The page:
Here is a part of the Switch that has some good and bad things. First off, I'd like to say that it is awesome that Nintendo is now unifying its online services for its devices. I was able to easily find all my 3DS and Wii U friends that owned Switches and send them friend requests. Unfortunately, you still cannot look someone up by anything other than their friend code if you haven't played with them or aren't sitting in the same room as them. I wish Nintendo would add some sort of way to look up a person by their email or through social media, as friend codes are really just annoying to deal with.
Another improvement is the ability to see which of your friends are online and what game they are playing. However, there is no way to communicate with your friends! It would be nice to send a message to your online friend, as the touch screen would make it very easy to compose a message. It would also be nice to have native voice chat available, which leads into the most frustrating part of the Switch's online capabilities, the fact that you need to have a smartphone and download a separate app just to be able to coordinate an online game with friends. Sure this app lets you create a voice chat lobby, but is it really necessary to do this Nintendo? I understand the need to keep kids (the primary target audience of this console) safe online, but there should at least be options that an adult player can use to enable this sort of functionality. Also, it seems like the only game this app currently supports is Splatoon 2, meaning you can't use voice chat outside of that game. Overall, the Switch's online capabilities are pretty disappointing, but somehow not as bad as previous Nintendo consoles.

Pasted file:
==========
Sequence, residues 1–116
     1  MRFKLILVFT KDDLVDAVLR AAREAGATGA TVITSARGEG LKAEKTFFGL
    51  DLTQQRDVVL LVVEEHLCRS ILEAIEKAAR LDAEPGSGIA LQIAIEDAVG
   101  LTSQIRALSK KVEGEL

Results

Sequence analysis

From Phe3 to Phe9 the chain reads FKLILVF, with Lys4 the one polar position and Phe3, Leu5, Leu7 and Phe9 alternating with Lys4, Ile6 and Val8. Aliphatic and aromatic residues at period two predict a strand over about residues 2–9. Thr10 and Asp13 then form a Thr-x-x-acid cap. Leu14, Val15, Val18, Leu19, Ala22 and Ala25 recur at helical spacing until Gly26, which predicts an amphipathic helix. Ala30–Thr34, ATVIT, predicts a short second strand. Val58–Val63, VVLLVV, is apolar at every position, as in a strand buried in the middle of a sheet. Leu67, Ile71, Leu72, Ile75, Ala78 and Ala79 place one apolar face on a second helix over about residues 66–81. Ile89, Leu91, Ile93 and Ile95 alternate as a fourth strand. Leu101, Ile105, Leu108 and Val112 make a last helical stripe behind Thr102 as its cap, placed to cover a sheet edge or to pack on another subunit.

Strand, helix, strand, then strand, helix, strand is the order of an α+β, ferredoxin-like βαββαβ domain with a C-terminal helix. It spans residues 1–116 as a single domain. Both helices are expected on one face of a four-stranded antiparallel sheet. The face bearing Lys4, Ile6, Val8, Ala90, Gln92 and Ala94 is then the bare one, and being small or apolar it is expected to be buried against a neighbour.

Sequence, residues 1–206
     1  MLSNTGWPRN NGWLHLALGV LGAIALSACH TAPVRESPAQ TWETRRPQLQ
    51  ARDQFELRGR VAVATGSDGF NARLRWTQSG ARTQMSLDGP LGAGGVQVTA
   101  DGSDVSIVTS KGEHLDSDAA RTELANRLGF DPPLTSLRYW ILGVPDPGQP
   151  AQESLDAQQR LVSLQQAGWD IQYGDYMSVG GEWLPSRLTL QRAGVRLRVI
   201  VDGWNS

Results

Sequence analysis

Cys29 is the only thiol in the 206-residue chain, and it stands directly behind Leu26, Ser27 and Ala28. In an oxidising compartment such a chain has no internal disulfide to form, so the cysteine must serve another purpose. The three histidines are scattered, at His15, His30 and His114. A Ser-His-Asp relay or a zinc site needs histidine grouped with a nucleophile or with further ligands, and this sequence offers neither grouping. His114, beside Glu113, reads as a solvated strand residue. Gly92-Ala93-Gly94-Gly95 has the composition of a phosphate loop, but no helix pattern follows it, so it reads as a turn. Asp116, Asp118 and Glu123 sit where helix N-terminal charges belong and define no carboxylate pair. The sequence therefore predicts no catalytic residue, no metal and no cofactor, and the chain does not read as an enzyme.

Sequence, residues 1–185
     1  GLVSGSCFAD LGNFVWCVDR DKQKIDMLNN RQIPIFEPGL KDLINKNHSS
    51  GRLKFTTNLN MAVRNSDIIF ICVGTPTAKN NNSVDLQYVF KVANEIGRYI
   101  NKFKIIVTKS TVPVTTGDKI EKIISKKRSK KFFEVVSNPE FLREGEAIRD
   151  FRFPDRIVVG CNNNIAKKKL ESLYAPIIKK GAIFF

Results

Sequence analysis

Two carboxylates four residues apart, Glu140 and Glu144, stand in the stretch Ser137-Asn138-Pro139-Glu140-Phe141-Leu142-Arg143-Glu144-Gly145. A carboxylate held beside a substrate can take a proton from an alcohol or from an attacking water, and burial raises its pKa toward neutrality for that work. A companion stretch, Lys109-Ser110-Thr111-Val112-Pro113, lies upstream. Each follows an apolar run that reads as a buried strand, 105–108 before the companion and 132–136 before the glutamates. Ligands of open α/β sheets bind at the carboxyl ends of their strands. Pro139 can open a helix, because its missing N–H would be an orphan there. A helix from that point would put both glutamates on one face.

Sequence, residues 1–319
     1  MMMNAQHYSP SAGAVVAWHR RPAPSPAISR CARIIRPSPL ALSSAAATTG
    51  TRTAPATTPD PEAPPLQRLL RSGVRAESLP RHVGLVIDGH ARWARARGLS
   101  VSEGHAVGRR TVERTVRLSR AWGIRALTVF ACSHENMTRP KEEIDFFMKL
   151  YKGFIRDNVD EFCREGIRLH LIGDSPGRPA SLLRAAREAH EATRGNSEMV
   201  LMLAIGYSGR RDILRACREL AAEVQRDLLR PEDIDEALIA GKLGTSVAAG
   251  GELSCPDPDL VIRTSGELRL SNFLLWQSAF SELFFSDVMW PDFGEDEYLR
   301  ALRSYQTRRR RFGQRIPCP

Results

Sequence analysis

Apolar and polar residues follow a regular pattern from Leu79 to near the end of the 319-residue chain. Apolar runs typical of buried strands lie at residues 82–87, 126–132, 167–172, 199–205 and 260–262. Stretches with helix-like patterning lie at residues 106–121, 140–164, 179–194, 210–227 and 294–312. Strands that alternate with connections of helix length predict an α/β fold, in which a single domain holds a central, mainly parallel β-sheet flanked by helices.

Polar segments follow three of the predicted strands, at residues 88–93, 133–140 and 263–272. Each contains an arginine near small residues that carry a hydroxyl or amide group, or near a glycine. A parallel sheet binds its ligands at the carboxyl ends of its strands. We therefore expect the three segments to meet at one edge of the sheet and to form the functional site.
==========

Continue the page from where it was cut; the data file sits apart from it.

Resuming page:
The Main Attraction